By Joseph Lisanti
Although the final accounting of third-quarter corporate profits should show strong growth, investors already are assessing next year's prospects. As recent weakness despite good earnings reports shows, some still see the glass as half empty.
The majority of S&P 500 companies have reported their quarterly results, and Standard & Poor's estimates that final third-quarter operating earnings on the index will be up 23% from a year ago. Under more stringent generally accepted accounting principles, we see third-quarter earnings for the "500" gaining 38%. Using our proprietary S&P Core Earnings methodology, which includes the effects of option expenses, earnings in the latest quarter look to be 61% higher than they were in 2002's third period. Though we expect the torrid pace of the profit advance to slow, we still see good growth for the remainder of this year and next.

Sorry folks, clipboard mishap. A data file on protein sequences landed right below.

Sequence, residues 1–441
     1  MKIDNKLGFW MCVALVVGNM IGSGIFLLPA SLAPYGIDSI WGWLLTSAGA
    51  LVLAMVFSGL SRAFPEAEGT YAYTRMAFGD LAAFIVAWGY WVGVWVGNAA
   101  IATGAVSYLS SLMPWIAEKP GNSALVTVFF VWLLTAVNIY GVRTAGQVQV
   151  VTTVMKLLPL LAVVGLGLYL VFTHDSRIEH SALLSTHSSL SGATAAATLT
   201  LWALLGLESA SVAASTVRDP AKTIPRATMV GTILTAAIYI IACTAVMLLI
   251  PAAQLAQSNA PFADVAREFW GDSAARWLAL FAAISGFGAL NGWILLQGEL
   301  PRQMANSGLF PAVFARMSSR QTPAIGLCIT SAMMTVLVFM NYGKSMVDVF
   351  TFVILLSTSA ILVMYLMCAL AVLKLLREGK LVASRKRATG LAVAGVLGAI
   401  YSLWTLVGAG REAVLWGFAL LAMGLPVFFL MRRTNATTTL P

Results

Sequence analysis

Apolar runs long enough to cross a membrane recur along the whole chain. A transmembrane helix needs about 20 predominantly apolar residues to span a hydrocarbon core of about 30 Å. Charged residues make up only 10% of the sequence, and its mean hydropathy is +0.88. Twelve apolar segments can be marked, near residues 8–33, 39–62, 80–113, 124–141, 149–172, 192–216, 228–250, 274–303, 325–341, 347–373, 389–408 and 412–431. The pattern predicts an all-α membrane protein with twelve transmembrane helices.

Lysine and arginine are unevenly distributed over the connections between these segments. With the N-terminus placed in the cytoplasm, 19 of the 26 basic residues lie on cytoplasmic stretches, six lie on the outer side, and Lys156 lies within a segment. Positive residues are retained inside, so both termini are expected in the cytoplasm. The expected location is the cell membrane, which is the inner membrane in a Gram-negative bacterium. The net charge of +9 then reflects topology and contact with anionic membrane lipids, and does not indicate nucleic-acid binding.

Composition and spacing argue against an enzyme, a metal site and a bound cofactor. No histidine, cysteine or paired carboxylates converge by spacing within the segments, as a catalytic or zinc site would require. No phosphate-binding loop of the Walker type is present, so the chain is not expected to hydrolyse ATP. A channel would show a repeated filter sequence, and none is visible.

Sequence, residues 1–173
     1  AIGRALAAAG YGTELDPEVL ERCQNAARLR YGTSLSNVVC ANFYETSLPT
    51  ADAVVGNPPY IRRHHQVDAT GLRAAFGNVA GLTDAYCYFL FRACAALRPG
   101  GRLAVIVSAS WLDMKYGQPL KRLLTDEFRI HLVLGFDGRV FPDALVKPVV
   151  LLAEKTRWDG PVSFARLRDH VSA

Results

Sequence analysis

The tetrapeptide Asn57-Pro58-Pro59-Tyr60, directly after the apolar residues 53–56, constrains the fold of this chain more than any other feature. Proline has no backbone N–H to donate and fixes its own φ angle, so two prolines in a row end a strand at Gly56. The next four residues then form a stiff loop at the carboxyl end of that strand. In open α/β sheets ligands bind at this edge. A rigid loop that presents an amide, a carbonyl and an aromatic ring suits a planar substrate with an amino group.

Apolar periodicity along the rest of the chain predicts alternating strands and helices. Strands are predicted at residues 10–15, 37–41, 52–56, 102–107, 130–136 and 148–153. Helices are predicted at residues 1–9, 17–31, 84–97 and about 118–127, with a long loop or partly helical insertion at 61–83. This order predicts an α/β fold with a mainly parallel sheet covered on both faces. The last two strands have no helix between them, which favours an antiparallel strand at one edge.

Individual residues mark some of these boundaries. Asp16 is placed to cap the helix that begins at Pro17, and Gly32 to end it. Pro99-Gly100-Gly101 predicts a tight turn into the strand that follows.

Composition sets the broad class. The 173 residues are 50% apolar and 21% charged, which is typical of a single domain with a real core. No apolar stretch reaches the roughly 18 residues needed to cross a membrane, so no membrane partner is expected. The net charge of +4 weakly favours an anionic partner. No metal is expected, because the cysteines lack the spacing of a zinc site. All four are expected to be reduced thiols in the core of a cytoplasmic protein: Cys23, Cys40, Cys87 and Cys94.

Those who see the glass as half empty contend that most of the profit growth is driven by cost cutting and the effects of the weaker dollar. As proof, they point to expected third-quarter growth in revenues for the "500"—an anemic 5.1%.
Without significant sales growth, profit gains will come from squeezing out costs. That's what is behind the rash of big merger announcements. But increased merger activity should also boost stocks as shareholders establish and maintain positions in the hope that their stocks will be acquired.
The revenue picture should start to look somewhat better in 2004 as consumers continue to buy and capital spending becomes stronger. And we believe that the quality of corporate earnings is improving as the spread between operating earnings and S&P Core Earnings narrows.
There will be bumps in the road, but we see the S&P 500 ending this year at 1085 and project 1190 by yearend 2004. In light of the upward move we foresee, Standard & Poor's now recommends an allocation of 65% stocks, 10% bonds and 25% cash.
Lisanti is editor of Standard & Poor's weekly investing newsletter, The Outlook